Anonymous said...

I saw WW at the local junior college gym in Albany, Georgia in the mid 1970s. My first concert at age 15. Their shows were beyond words. Peace and love to my brothers, Ronn and the gang.

Sarah Goedert said...

Hello, my name is Sarah Goedert I am the singer of this band, Ron Goedert's daughter and I wanted to let you all know how special it is to me to see that people still give his band credit. After my father's passing I was not sure if people would remember them as they should be remembered and it brings tears to my eyes and emotions to my heart that you can't even understand. These men put their hearts and soul into their music, and oddly enough right before he passed they were talking about getting things back together. I just wanted to say thank you to you all.

Aesop said...

Wow, Sarah, thanks for commenting. Your father must have been a special and great man, his genius is not wasted on us. They should have been huge. A truly great band that cut their own path. This album has given me so much pleasure. Your dad was way cooler than mine, and probably most. All the love and respect to your family.

Anonymous said...

Does anyone else think Wolfmother sounds alot like White Witch? I'm really getting into the Cosmic Egg cd, mostly because it reminds me of White Witch.

Ralph said...

I'm trying to sort out which gigs White Witch opened (and when) for Alice Cooper back in 1972 as there is currently some confusion as to which ones they were. These exciting and culturally important events seem to have got lost with the passage of time and it's important they get accurately documented before they DO disappear for good.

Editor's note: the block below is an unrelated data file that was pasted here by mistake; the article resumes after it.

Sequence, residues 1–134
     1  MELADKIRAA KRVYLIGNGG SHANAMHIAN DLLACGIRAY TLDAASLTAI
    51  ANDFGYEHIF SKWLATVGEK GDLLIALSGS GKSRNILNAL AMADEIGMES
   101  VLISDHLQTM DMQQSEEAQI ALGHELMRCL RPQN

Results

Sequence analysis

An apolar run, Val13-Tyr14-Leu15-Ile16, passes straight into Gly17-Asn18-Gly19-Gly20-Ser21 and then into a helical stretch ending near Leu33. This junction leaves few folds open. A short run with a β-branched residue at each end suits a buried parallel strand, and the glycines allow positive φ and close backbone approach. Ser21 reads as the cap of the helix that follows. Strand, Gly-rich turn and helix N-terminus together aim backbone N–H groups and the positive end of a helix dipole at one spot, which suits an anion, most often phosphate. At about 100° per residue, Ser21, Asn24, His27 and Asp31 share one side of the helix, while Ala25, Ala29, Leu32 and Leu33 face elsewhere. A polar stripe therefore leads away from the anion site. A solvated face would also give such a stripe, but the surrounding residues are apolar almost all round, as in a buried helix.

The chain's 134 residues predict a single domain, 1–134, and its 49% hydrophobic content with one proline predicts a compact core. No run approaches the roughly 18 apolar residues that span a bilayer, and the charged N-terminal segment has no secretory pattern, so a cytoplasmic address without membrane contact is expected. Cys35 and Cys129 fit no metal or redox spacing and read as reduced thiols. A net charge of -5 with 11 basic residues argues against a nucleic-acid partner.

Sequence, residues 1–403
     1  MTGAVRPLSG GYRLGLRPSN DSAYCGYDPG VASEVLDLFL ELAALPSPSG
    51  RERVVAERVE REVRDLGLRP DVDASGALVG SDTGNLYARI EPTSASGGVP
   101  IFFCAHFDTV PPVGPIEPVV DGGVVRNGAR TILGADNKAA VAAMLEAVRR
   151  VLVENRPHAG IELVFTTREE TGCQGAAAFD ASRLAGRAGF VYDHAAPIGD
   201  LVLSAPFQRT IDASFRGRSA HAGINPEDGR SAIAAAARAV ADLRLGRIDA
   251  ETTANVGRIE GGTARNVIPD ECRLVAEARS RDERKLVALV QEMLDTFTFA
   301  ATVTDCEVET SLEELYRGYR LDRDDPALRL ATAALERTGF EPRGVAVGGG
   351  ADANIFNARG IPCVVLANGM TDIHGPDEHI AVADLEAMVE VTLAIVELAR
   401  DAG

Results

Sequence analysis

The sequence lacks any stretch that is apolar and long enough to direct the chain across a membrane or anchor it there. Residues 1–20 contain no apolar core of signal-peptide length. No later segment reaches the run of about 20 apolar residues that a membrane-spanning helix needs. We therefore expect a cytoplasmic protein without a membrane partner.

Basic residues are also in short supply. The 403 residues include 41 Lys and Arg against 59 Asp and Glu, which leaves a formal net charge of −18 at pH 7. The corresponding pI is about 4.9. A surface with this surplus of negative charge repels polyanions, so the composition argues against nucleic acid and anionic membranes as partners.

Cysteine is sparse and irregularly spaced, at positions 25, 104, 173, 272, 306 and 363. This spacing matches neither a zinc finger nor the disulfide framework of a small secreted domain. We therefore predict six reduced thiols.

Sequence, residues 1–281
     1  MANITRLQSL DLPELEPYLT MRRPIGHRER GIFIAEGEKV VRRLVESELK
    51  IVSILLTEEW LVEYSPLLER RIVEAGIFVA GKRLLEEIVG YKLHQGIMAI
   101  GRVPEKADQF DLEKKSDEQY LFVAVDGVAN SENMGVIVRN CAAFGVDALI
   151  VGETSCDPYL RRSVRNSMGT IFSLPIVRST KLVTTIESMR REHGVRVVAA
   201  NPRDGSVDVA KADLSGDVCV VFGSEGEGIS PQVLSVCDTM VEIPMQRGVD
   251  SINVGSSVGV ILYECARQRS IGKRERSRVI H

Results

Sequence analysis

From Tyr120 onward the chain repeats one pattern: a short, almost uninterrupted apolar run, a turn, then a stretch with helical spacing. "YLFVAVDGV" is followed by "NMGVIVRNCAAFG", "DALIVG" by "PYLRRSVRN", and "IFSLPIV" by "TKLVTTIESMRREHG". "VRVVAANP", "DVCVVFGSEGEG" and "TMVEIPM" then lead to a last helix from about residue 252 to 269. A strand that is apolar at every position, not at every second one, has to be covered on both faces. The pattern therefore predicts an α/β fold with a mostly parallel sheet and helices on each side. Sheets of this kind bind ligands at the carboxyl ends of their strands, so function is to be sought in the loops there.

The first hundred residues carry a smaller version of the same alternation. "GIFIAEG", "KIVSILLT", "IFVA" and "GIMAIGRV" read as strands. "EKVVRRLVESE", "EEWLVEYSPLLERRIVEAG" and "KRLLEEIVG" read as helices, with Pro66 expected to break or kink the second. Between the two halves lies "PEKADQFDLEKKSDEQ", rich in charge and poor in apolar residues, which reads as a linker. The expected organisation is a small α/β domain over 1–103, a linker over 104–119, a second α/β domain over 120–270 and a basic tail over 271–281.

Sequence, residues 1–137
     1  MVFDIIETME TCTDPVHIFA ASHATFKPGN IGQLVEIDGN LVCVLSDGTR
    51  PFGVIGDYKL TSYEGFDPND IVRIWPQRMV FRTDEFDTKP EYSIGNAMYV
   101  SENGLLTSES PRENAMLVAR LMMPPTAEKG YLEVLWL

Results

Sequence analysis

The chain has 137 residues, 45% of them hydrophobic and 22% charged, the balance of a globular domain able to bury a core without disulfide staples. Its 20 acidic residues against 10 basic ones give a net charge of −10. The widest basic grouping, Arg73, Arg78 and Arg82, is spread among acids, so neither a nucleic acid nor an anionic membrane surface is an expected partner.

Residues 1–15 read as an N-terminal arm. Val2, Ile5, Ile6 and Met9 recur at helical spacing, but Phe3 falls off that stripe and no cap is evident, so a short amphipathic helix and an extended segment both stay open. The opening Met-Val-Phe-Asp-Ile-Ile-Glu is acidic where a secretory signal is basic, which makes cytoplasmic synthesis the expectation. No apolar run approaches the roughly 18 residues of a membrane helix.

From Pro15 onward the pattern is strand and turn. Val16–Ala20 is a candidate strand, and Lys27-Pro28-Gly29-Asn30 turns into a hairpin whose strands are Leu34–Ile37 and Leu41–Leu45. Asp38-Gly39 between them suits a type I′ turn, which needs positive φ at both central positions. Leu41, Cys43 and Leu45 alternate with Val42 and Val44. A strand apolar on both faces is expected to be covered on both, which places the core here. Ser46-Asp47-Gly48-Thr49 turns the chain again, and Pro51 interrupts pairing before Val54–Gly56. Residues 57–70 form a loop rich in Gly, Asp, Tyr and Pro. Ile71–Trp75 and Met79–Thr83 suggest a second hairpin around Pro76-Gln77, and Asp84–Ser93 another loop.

If anyone can help please contact me via the www.hotrails.co.uk website (yes, it's a Blue Oyster Cult site but as a side-project I'm trying to sort out those early 1972 Alice dates)...

:-)

Anonymous said...

I saw White Witch a bunch of times at the old civic center in Sarasota FL, what an amazing band to see when you were only 16. Also went to see the Ron Goedart Band in Tampa once. I still listen to there music and think about my youth!!!!

Jake Strickland said...

I saw WW numerous times in Sarasota and Tampa. I later got to know Buddy Richardson through his in-laws. I once was fortunate enough to jam with Buddy at their house. I must say, Buddy is one of the few musicians with a professional past that I have met who has zero ego. He was at the time we played together, all about the songs and not about showing off. That was a night I will remember for as long as I live. Thanks to ALL in WW (NO MATTER WHERE YOU ARE) for the memories and the music.

Anonymous said...

I had this album when I was in High School in Charleston, WV
It was my favorite!
Thanks Cosmic Hearse!

TheTheory said...

The first track just blew my mind. Great link!

Smitty said...

Just got a mint copy of this album on 8 Track and am cranking it right now. Always loved this band. Back in the early 90s I did some gigs with the bassist and he was so awesome to talk to about the band and the many stories he had to tell. What's funny, as when I was on the first gig, we had performed and were having a drink afterwards, I asked him what other projects he was a part of he said "WHITE WITCH", I nearly flipped out. This was a great band. Visionary Rock and Roll. Great energy, and intense arrangements back by seasoned players. Needs to be more of this.
All hail White Witch!
Cheers
-Smitty